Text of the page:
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I am interested to know if there's a way to calculate the number of (rotation agnostic) necklaces that can be produced from different colored beads, each color with its own quantity.

For instance, if I have a 3 red beads, 2 green beads and 1 blue bead, I can produce 10 distinct necklaces (see attached image).

However, other than constructing all the necklaces and counting them (which is what I did), how can I arrive at the number of distinct necklaces that can be produced with the given beads?

Note, I am looking for a general solution, where the number of colors, and the quantity of beads in each color can be given freely.

Can you help?

enter image description here

EDIT:

It appears that I figured out a formula that works for the majority of cases. It fails however when the quantity of all the beads has a common denominator.

\frac{(a_1+a_2+\ \cdots\ +\ a_n-1)!}{a_1!\ \bullet\ a_2!\ \bullet\cdots\ \bulleta_n!}

So this works, unless I have 2 of each bead, or 3 of each bead. Or 2 and 4 of each bead, etc.

Can't figure out how to solve for that case though..

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    $\begingroup$ In this case: place the blue one (that fixes the rotation). You now have $5$ slots. Place the red ones. $\binom 53=10$. $\endgroup$
    – lulu
    Jan 10 at 21:39
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    $\begingroup$ Side note: I don't see colors very well, but it seems to me that one of your pictures (second from the left in the bottom row) has only one green bead. $\endgroup$
    – lulu
    Jan 10 at 21:49
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    $\begingroup$ Phew. I only gave myself a $50-50$ shot at being right about that. Red-green can be just a question of mood. $\endgroup$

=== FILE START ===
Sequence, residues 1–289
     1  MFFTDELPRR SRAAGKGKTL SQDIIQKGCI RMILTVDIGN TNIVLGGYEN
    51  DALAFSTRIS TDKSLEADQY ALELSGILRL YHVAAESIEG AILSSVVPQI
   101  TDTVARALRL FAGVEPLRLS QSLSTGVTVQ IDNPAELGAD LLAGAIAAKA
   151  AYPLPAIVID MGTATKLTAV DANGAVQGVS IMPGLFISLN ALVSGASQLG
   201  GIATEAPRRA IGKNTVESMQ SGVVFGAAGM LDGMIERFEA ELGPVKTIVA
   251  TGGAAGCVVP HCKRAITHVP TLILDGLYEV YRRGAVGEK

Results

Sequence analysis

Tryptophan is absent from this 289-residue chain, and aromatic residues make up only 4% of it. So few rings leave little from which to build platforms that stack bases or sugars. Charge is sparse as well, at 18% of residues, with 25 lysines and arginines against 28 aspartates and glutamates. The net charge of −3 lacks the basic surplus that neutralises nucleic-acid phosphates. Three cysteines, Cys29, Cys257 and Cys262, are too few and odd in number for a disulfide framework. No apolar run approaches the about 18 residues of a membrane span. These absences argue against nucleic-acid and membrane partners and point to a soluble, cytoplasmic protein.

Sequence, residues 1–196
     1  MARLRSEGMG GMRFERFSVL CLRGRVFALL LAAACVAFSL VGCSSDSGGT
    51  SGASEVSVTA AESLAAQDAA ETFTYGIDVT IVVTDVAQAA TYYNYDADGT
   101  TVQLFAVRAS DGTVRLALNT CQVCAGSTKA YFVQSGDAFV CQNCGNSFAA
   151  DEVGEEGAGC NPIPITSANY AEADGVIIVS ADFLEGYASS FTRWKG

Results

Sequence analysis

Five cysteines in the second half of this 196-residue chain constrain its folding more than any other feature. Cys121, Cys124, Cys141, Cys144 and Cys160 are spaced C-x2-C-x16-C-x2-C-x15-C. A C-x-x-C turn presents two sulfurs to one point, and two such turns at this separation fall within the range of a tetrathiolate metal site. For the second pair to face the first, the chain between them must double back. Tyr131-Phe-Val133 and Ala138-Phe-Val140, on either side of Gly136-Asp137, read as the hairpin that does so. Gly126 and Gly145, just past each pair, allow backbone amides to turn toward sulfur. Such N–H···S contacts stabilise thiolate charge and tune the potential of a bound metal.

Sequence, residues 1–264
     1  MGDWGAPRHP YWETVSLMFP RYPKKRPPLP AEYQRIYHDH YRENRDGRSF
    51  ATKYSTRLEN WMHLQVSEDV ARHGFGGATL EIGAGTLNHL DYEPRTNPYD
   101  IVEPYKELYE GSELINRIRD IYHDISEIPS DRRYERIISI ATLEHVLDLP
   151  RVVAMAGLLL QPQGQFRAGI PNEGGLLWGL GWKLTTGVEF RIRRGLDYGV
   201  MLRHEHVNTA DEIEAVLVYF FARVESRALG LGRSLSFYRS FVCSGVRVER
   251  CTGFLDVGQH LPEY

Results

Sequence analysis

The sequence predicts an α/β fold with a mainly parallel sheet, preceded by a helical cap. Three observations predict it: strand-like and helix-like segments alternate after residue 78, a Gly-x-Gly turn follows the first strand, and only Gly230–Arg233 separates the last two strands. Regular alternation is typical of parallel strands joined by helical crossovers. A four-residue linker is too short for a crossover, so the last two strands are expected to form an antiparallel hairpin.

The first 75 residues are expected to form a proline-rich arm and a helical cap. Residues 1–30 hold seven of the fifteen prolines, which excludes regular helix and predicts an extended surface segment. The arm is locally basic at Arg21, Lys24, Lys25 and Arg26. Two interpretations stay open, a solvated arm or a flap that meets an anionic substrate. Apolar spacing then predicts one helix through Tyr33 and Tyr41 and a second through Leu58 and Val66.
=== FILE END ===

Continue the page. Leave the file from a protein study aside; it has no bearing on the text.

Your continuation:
– lulu
    Jan 10 at 21:54
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    $\begingroup$ Oh, there is, sort of...the links I proposed reference the Poyla Enumeration Theorem, which is at the heart of problems like this. There is a generating function approach you can use, which is sketched here. $\endgroup$
    – lulu
    Jan 10 at 22:03
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    $\begingroup$ Burnside's lemma and Polya's enumeration theorem can be applied to this type of problem. $\endgroup$ Jan 10 at 22:03

1 Answer 1

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To use the Pólya enumeration theorem we first need to weight the beads so that the given bead distribution is the only way to make the combined weight from an arbitrary selection of however many beads are in the necklace. One way that works here is to have weight-$0$ red, weight-$2$ green and weight-$3$ blue beads, since $7$ can only be written as $3+2+2+0+0+0$. This leads to a certain generating function $$f(t)=1+t^2+t^3$$ We now need the cycle index polynomial, which here is $$Z_{C_6}(t_1,t_2,t_3,t_6)=\frac16(t_1^6+2t_6+2t_3^2+t_2^3)$$ Then the desired count is the $t^w$ coefficient of $Z$ with the $t_i$ argument assuming a value of $f(t^i)$, where $w$ is the total weight of beads under the given weighting. Here we get $$[t^7]Z(f(t),f(t^2),f(t^3),f(t^6))=10$$ as expected.


The contrived weights above were to keep things simple for a first explanation – $f$ does not have to be single-variable, and the colours need not be numbers; they can be vectors of integers. We can assign red, green and blue weights of $(0,0),(1,0),(0,1)$ respectively, then clearly the desired distribution of weights corresponds only to $(2,1)$ and $$f(t,u)=1+t+u$$ The $f$ put in the $t_i$ argument of $Z$ now has all its arguments to the $i$th power, and in this case we have the answer as $$[t^2u]Z(f(t,u),f(t^2,u^2),f(t^3,u^3),f(t^6,u^6))=10$$

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